Some 3D courses will be “known” or “marked” yardage, meaning the distance from shooting stake to target will be provided, while others will require you to guess the distance and adjust your equipment as needed. Event advertisements will typically specify the format so appropriate preparation can be made. 3D shoots have various maximum distances depending on the format, and what class the archer is entered in. Knowing this maximum allows for no surprises, and is helpful when trying to sight in equipment or assess the challenges that may be faced.
Pertinent information such as shoot location, dates, available hours of competition, number of shots, scoring methods, and team event offerings are all details that can be used by an archer for more direct or relevant preparation. Some shoots occur at night in the darkness, requiring the acclimation to shooting with a lighted sight and illuminated target. Terrain and tree cover can add difficulty to a course. Look at social media posts or learn from other archers who may have competed at your intended shoot to learn what is to be expected in regards to the aforementioned characteristics and rules so you will not be surprised once the day comes to compete.
Equipment Tuning And Setup
The shot variables presented on a 3D course will require a bow that is properly tuned. These differences in shot angle, distance, wind, lighting, weather, and fatigue will be amplified with an unforgiving bow tune. Since yardages will vary greatly, it is important to have the 1st/2nd/3rd sight axis properly leveled. Walk back tuning a bow allows for tighter left and right arrow impact variation when shooting closer and more distant targets.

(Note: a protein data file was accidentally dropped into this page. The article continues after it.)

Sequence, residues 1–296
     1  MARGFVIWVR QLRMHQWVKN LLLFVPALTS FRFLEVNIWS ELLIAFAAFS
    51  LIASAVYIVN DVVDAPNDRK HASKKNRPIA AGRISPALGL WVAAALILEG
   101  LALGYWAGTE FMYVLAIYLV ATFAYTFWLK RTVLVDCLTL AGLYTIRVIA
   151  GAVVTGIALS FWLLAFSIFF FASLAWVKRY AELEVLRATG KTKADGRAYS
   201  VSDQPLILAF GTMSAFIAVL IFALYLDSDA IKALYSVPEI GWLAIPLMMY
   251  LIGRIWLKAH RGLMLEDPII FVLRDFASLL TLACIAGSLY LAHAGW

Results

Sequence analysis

The proper 3D arrow is an arrow that flies straight out of the bow and compliments the event format. If the course will have a max distance of 50 yards, consider shooting a larger 23, 25, or 27/64 inch shaft, especially if distance is provided, and wind drift is limited due to trees or if at an indoor venue. These larger shafts when compared to standard diameter 19/64 shafts can greatly increase the chance of catching the line of a higher scoring ring. If target distances are 50-100 yards causing the arrow to be subjected longer to wind drift, gravity, and drag then a micro diameter .166 or .204 inside diameter arrow may be better suited for the job. Smaller shafts can be advantageous for targets that are packed with arrows from other competitors posing the risk of a glance out, resulting typically in a lower score.